Handstand Walks for CrossFit: Advanced Tips

Written By Charleh Knighton  |  Handstand Walk 

For CrossFitters, handstand walks are a great way to challenge yourself and add an extra level of difficulty to your workouts. 

But when it comes to handstand walks, a lot of people overemphasize the gymnastic form - this is where you’re perfectly vertical. 

If you can do this, it’s perfectly fine, but if you’re not a pure gymnast, it’s not the easiest way to learn the handstand walk and may not be the most efficient and propel yourself forwards in competitions.  

Instead, some of the most successful CrossFitters do the movement with bent knees and an arch in their torso - the goal here is to focus on moving forward and not the perfect body position. 

It’s this form that I’m going to focus on in this article, which covers three drills that will help you to travel further with your handstand walk and eventually do them in WODs and competitions. 

half pirouette

Drill one: the half pirouette   

The first drill is all about learning how to fail. 

If you understand your point of failure and know how to do it gracefully so that you don’t get injured, you will be much more successful in the long run. 

A lot of people struggle with handstand walks because they’re too afraid to get past the point of no return - where gravity will begin to pull you forwards - and they’ll just end up kicking their legs up halfway. 

That’s where the half pirouette can help. 

To practice this, you’re going to kick up. Let your balance tip and pull you forward and do a couple of steps. 

Then, get out of the handstand in a safe and controlled way by dropping your legs down to the side - so it looks like you’re doing the second half of a cartwheel as you dismount - instead of crumbling like a sack of potatoes onto the ground face first. 

Practicing this is super important for building the confidence you need to build momentum up to move forwards because you know you’re not going to fall on your back and hurt yourself. 

If you’re not comfortable moving your hands yet, it’s also fine to do this drill without taking any steps forwards - the whole point is to just get comfortable making a small turn in the air to let your feet come down at the side.  

Do this, and you’ll have the foundations in place to really perfect your handstand walk. 

handstand walk to the wall

Drill two: walk into the wall

The second drill is walking into the wall. 

This is one of the best drills for those who are working on the first few steps of their handstand walk - so if you’re stuck doing just one or two feet and want to expand that to five or maybe ten feet, this one’s for you. 

The walking into the wall drill is pretty much as simple as it sounds - you just kick up into your handstand a few feet away from a wall and walk into it. Doing this protects you from flipping over. 

When you’re starting out, you want to make sure you’re starting close to the wall, so you only need to take one or two steps until you come into contact with it. Once you hit the wall, find some balance, take a second and come down.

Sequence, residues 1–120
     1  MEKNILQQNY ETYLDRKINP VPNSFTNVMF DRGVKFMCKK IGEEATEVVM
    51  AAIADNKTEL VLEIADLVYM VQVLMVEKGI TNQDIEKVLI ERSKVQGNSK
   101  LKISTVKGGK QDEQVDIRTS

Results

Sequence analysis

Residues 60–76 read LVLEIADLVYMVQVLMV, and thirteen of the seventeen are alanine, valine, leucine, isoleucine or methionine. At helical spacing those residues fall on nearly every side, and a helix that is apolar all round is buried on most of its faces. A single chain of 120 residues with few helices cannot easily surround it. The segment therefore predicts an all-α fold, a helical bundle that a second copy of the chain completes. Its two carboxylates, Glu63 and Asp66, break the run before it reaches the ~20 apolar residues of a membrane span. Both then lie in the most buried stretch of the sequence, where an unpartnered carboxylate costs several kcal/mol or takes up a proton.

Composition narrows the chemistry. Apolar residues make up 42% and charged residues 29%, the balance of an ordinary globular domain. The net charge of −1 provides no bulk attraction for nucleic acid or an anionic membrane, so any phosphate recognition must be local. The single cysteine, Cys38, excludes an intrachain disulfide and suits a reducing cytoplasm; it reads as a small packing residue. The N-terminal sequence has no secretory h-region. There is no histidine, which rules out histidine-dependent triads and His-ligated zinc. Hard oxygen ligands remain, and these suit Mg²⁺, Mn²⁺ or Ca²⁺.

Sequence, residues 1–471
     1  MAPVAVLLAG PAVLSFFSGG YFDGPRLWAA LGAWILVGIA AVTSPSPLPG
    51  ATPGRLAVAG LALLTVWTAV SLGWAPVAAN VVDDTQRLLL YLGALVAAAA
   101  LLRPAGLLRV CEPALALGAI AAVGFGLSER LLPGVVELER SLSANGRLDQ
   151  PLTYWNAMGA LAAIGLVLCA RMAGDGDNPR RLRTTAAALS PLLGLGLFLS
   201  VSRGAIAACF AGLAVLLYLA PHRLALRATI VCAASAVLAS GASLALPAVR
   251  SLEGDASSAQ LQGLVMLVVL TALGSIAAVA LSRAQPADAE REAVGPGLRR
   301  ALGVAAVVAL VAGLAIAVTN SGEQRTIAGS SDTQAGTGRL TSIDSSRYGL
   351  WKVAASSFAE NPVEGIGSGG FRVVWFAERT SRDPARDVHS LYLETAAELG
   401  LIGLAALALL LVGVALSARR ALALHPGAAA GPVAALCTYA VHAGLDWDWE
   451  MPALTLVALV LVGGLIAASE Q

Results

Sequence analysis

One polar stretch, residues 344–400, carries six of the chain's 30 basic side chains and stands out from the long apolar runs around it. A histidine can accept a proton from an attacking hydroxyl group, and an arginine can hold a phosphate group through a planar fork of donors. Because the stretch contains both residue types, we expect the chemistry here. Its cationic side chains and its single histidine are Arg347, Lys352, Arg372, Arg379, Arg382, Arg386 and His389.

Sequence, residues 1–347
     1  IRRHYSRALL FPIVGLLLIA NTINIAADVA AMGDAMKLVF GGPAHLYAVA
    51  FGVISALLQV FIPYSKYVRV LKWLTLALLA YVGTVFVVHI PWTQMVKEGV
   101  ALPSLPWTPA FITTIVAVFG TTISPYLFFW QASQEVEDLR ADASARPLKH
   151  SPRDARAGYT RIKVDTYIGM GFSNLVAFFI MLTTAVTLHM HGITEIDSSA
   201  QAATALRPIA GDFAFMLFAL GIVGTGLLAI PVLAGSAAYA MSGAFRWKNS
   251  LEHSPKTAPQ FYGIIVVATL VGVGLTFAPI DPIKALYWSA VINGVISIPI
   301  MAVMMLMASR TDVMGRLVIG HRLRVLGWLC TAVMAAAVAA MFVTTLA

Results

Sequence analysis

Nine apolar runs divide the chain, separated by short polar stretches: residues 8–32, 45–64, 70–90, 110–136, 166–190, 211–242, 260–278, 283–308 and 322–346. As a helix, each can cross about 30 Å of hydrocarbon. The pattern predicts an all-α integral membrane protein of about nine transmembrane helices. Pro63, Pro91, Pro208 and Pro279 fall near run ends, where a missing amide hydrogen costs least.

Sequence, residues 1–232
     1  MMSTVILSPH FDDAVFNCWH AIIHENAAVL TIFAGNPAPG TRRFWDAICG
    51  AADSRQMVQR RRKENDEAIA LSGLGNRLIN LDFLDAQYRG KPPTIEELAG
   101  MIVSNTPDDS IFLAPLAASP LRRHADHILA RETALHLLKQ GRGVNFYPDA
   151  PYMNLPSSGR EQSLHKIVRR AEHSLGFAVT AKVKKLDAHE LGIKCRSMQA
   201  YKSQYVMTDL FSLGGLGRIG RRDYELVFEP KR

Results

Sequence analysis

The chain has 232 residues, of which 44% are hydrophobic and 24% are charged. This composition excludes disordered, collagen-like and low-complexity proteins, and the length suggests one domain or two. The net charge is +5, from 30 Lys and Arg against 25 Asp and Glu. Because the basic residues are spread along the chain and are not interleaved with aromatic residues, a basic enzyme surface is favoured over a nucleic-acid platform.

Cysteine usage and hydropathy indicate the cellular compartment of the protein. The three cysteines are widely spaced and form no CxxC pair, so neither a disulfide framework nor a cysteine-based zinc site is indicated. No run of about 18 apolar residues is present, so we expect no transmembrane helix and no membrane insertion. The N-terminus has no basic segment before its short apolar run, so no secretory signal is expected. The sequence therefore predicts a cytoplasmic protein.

When you feel comfortable walking that distance, you can begin to start further back, and again, kick up, and walk into the wall until it’s making contact with your body and stabilizing you. The reason you want that wall there is because you have something there to catch you.

This drill really continues to lay into that mental foundation of being comfortable with your feet on the other side of that centre of gravity.

When you can do this consistently from around eight feet away from the wall, it’s time to move on to drill three. 

use a spotter for handstand walks

Drill three: use a spotter

The final drill I’m going to take you through is using a spotter. This is one of my personal favorites because it’s helped me learn how to do handstand walks for very long distances. 

To do this drill, you’ll need a PVC pipe, a broomstick, or something similar. 

Your spotter will need to stand in front of you (about 1.5 meters away), holding the PVC pipe horizontally with braced, outstretched arms. 

When you kick up into your handstand walk, your legs will make contact with the pipe. It’s a good idea to have the pipe sitting around the middle of your calf muscle. 

Once you make contact, you can begin to walk forwards while your spotter works their way backwards while maintaining contact.

Here, your spotter is acting like the wall to stabilize you, but because they’re moving backwards, you can keep walking for as long as you want with the reassurance that you’re not going to flip over. 

However, having a spotter doesn’t give as much support as a wall, so you’ll need to maintain your balance by keeping your core tight and your glutes engaged. And when you do kick up, make sure it’s not too hard so that your spotter can stay right on that other side of your balance point to support you without having to prop you up completely. 

This is a great way to safely learn how to do long-distance, unbroken handstand walks.

Once you’ve progressed and are on the edge of doing completely unbroken and unassisted handstand walks, you can touch the PVC pipe when you kick up and then your spotter can begin to back up while leaving enough room and separation where you’re not even touching the pipe. You’ll just know your spotter is there in case you fall too far forwards.

To summarize

Follow these three drills, and you’ll be on your way to handstand walking like a pro in no time. Just remember to keep practicing, because the only way to really get good at handstand walks is by doing it over and over again!

Ready to get started? Make sure to check out our free handstand walk guide.

Or, if you want extra support, try our full-blown 8-week handstand walk course, Handstand Walk Hero, which will help you to build confidence and nail the handstand walk - or your money back. A win-win if you ask us! 

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